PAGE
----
The state of the region 

February 2, 2017

When Property Week magazine came knocking on the North East’s front door with a request to examine the ‘state of the region’ it was time to assemble significant fire power that covered all aspects of the North East’s commercial property sector. Here is specialist property writer Chris Dobson’s round up of what was discussed

Against a background of the now too-familiar Brexit decision there was optimism in the air with demand for space in the region never greater. There are real opportunities through existing and new sectors.

Devolution was another familiar subject with the call for action through the Invest Newcastle vehicle comprising Newcastle City Council, Northumberland County Council and North Tyneside.

Through this the USPs were clear. Invest Newcastle delivers low occupational costs, there is an available and loyal labour pool that is flexible and more talent is being brought through via the region’s universities. Engineering talent in particular is being produced.

We need to these get strong messages across – offshore wind potential, the existing port and airport, East Coast connectivity. All that is needed is political will and private sector support.

After all there is already evidence of public and private sectors working together successfully. The Legal & General funding agreement for Science Central, for example, which should see office development starting shortly, and the Newcastle City Council head lease agreement at Stephenson Quarter that brought forward The Rocket which then secured the letting to Convergys is a first-class example of public sector support.

There is further investor interest in Newcastle with the sale of Sandgate House, one of Newcastle Quayside’s outstanding office buildings, to a private client of Rougemont Estates for £10.75 million, reflecting a net initial yield of 5.88 per cent, being a prime example.

However, hotel and student accommodation developments have taken key city centre sites. This is a concern as student accommodation needs 5000 units but 7500 units are being brought forward. This over-supply situation may not impact on Newcastle’s city centre but edge-of-city-centre developments could be challenged.

There is the need to encourage more office development – there is presently no new prime office space available in the city centre – headline office rents need to rise above £23 per sq ft. The formation of the joint venture vehicle between Newcastle City Council, Legal & General and Newcastle University will ensure that we will see a speculative office building of 100,000 sq ft on site at Science Central during the middle part of this year.

Delivering business space enables locations such as Newcastle to compete for inward investment and that means employing more people and putting fire into the regional economy not just in the city centre but in the surrounding areas of Greater Tyneside where the majority of office workers live.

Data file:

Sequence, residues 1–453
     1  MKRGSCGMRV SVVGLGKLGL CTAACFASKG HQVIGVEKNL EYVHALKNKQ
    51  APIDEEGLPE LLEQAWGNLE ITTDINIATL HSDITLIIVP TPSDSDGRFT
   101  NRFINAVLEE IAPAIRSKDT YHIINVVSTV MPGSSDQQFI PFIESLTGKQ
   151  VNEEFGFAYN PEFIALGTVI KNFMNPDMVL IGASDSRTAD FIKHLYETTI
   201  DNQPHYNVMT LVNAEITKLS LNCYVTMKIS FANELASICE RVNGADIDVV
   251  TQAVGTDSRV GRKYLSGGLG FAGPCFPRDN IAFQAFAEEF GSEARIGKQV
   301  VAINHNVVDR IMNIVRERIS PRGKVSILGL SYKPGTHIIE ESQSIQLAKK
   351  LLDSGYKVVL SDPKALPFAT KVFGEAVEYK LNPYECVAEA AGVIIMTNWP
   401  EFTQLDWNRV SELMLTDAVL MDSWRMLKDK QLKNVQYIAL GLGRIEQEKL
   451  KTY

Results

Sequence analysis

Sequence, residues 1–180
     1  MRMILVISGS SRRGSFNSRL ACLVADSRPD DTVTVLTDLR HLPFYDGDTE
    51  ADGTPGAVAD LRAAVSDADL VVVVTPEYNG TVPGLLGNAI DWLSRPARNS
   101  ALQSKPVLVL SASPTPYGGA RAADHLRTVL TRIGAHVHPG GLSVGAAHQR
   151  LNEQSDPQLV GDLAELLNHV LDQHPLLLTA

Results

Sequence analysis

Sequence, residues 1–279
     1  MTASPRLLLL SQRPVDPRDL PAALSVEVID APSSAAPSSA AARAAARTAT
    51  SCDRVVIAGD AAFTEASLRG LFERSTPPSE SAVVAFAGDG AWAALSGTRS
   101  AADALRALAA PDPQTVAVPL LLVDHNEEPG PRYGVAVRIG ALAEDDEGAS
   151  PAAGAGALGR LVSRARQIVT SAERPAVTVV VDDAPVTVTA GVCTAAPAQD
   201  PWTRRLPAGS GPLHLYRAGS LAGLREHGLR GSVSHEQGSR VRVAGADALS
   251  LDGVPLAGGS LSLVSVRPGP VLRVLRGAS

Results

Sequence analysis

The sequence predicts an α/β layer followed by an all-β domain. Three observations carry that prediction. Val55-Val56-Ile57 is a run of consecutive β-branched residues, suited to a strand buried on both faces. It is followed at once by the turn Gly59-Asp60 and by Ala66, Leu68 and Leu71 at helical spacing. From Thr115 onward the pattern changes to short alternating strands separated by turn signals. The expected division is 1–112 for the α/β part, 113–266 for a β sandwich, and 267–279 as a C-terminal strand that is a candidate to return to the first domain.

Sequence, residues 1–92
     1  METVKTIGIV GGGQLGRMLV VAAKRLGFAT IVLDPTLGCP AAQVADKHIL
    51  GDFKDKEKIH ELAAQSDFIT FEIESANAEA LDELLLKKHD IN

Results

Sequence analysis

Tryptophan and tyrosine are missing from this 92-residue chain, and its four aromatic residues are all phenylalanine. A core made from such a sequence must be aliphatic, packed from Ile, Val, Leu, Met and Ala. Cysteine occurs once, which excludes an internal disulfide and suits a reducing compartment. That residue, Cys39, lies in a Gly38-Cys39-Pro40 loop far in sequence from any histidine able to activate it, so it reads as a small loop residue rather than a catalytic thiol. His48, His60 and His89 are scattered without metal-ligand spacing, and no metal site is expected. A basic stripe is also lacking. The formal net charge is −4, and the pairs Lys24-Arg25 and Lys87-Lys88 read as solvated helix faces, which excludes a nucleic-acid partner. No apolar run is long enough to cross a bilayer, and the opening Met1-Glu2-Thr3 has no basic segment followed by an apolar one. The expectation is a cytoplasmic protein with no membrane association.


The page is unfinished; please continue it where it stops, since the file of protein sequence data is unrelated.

So the success of one authority has positive benefits for others and the overall attraction of this part of the North East region is clear to be seen. Take the recent Convergys letting – that could have gone to Northern Ireland. Hitachi Rail Europe’s arrival at Newton Aycliffe was a major coup having headed off some 40 UK locations in a lengthy process. Inward investment is a far from easy task.

Returning to Devolution, with fingers crossed, 2017 could see salvation with Newcastle City Region emerging as Invest Newcastle combining the national and international marketing of Newcastle, North Tyneside and Northumberland. This would be a tremendous step forward and, with a degree of enlightenment, other local authorities which have said ‘no’ to devolution could join this new vehicle in due course. Why not, I ask, make this offer to Cumbria too, creating a ‘Borders’ approach given the degree of EU uncertainty north of the Border?

Inevitably the A1 north of Morpeth and its link to Scotland was discussed. With plans to dual it so far into mid-Northumberland but no further, the single carriageway link to the dualled A1 at Dunbar is both dangerous and wholly inadequate.

HS2 continues to cause some head scratching over the proposal to travel from London to the North East via Birmingham, Manchester, then though a tunnel under the Pennines to Leeds and onwards to York. And yet there is the east coast plain, a flat area which was recognised by the Victorians as the sensible place to build a railway.

The aforementioned Hitachi has a contract to build a fleet of trains for the East Coast Main Line so the North East’s business community will be able to travel from 2018 to London in enhanced comfort. So why the obsession with the west of the Pennines as the future, preferred, route to the North East?

Indeed the issue of speed begged some comment. Yes of course it would be useful to get to Leeds and Manchester faster than at present but does the current fastest time from Newcastle to London at circa two hours 30 minutes really help business by trimming that down to, say, two hours?

A final thought. To make the Invest Newcastle brand work there is a need to develop, with relevant professional teams and Local Authorities, the propositions that deliver short, medium and long-term objectives. Possibly driven by Developing Consensus, now with G9 within its ranks, there is an immediate opportunity to develop a strategy to address its key audiences within a clear timetable. This could include elected members and officials of the three local authorities, MPs and other opinion groups and possible partners. A fully articulated and visualised proposition could then be communicated to and agreed with appropriate with stakeholders. 2017 is the year to take this forward.


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